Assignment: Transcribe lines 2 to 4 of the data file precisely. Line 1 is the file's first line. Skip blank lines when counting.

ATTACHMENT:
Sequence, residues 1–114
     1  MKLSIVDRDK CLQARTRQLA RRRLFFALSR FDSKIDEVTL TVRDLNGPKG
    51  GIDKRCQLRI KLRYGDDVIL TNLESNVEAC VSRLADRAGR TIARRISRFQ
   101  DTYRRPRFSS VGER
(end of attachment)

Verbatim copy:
     1  MKLSIVDRDK CLQARTRQLA RRRLFFALSR FDSKIDEVTL TVRDLNGPKG
    51  GIDKRCQLRI KLRYGDDVIL TNLESNVEAC VSRLADRAGR TIARRISRFQ
   101  DTYRRPRFSS VGER